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Friday, 28 September 2012 09:43

Two candidates bring gender diversity to Swift Current council race

Written by  Matthew Liebenberg
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Two of the 11 candidates running for Swift Current council in the upcoming civic election on Oct. 24 are bringing gender diversity to the race.

According to the Federation of Canadian Municipalities, women make up 52 per cent of the Canadian population, but only 25 per cent of elected municipal representatives are female.
It is a statistic Keleah Ostrander and Pat Friesen will help to change if their bids for council seats are successful. Both candidates support diversity on council.
“I think nothing is more progressive than having a diverse council,” Ostrander said. “That includes gender as well as age, background, experience, and skills. Any time a council can look more like how your community looks, with our citizens being from a variety of backgrounds, the better off we are.”
According to Friesen, the different perspectives from such diversity will result in good decision-making.
“It would depend on the issue,” she said. “Everyone brings their own viewpoints and passion to the table. My passions as a mother and grandmother are the safety and security of our children and quality of education.”
Friesen, who recently retired from her position as executive vice-president of marketing at Innovation Credit Union, said she thought hard about her decision to stand for council.
“I wanted to make sure that if I did run and I was successful, that I would be able to have the time and energy to do a great job,” she mentioned.
She now operates her own consulting business that specializes in marketing and communications. She has been employed with Saskatchewan credit unions for 36 years  and she has been a Swift Current resident since 1974.
“I've had so many good things happening as a result of living here,” she said. “So I want to make sure that same feeling and that same opportunity is there for generations to come. I want to do my part to make sure that the city continues to move forward.”
Friesen is the immediate past chair of the Saskatchewan Chamber of Commerce and a board member of the Canadian Chamber of Commerce.
“That assists me because I have a better understanding of what’s happening in our country and in the world and how that may impact us here in Swift Current,” she said.
She has also been involved with the Swift Current and District Chamber of Commerce for many years, including as president in 1993. Over the years she has served on the boards of many community organizations and she is currently the co-chair of the 2014 City of Swift Current Centennial Committee.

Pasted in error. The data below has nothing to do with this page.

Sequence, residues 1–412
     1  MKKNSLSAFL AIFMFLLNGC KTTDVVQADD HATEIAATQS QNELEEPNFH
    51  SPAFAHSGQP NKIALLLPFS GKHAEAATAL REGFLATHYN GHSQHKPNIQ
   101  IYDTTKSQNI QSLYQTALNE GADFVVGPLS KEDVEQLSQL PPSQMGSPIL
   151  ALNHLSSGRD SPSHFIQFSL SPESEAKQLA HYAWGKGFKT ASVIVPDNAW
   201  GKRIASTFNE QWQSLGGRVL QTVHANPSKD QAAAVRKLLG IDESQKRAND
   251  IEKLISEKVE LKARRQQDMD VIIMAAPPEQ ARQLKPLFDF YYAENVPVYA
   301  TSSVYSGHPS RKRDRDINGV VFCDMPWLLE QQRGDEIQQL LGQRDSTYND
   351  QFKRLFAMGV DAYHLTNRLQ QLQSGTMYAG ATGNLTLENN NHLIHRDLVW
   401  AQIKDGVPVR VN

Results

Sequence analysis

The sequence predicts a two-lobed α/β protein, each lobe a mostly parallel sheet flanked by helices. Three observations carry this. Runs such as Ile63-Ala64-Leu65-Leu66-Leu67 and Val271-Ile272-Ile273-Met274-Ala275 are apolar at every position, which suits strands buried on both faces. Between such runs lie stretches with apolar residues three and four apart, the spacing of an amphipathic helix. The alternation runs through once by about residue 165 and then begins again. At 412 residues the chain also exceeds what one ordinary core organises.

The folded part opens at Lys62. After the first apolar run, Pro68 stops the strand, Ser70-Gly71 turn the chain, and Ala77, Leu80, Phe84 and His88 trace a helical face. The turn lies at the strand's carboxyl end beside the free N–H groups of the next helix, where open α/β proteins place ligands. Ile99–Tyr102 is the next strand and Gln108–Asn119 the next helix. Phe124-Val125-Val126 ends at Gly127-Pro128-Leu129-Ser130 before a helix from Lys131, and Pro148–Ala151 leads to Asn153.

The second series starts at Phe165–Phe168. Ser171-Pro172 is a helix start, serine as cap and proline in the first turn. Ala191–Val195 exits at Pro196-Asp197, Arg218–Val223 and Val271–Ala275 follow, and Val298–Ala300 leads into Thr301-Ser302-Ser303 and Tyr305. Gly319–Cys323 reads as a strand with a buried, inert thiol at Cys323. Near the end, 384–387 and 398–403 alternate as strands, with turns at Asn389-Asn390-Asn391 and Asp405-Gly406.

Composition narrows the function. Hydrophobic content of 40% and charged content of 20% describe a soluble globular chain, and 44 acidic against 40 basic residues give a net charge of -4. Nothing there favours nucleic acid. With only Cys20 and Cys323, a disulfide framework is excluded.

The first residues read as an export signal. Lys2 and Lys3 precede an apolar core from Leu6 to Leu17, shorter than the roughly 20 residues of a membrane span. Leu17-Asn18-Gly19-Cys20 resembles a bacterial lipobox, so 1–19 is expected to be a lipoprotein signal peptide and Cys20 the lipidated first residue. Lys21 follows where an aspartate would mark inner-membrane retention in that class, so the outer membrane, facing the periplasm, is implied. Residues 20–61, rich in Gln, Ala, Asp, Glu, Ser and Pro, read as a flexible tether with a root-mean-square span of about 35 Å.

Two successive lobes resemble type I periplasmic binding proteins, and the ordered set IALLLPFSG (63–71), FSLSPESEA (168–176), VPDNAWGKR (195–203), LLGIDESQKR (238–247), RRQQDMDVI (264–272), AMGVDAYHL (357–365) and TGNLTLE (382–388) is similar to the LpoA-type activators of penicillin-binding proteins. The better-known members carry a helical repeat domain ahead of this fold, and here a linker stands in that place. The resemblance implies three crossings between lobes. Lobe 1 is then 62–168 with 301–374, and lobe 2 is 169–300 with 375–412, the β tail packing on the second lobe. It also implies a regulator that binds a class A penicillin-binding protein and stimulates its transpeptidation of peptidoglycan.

“I’ve watched council fairly closely over the years and each council has moved the city forward in one way or another,” she said. “I think it’s just a matter of saying how can we move forward positively and grow our city while maintaining that balance with growth and finances.”
The development of regional partnerships and co-operation is a key focus area for Friesen.
She views the regional community as interdependent for economic as well as social reasons.
“There’s been some great groundwork laid in that area and we just need to continue to always think about can we do something regionally versus just for the city,” she said.
Ostrander said she always had an interest in municipal politics.
While growing up in the small town of Saltcoats, she had many role models whose contributions to community taught her the importance of public service.
“Right now, I felt timing wise in my life it was a good opportunity to represent the female professional crowd, young mothers, young families as well as all citizens whom I’ve had the pleasure of working with through my economic development experience as well as my volunteer and work experience,” she mentioned.
She and husband Dustin have lived in Swift Current for the past eight years and they have a young son. She is currently the director of planning at the Great Plains College. Previously she was the general manager of the Southwest Regional Economic Development Authority, where she played a leading role in the Labour Attraction and Retention Committee that was established in co-operation with the Swift Current and District Chamber of Commerce.
“My work in economic development taught me about the importance of regional strength versus individual community strength,” she said. “We’re only as strong as the region as well as the province that we live in.”
Ostrander is the current board chairperson for the Southwest Newcomer Welcome Centre, which has helped her to understand the challenges faced by newcomers to the area. She would like to see the City give more attention to attracting people from outside the region to the local workforce.
“We’re going to need more labour and that’s not going to be filled at all times locally,” she said. “I certainly feel I'll be able to play a role in enhancing our promotional efforts of the city outside of the region because I do see labour shortage as something that will become more and more an issue in our community.”
In addition to Ostrander and Friesen, there are three other first-time candidates for council. They are Jayson Sletten, Joe Collinson and Ron Toles.
The six incumbent councillors are all standing for re-election and Jerrod Schafer has been acclaimed for a second mayoral term.

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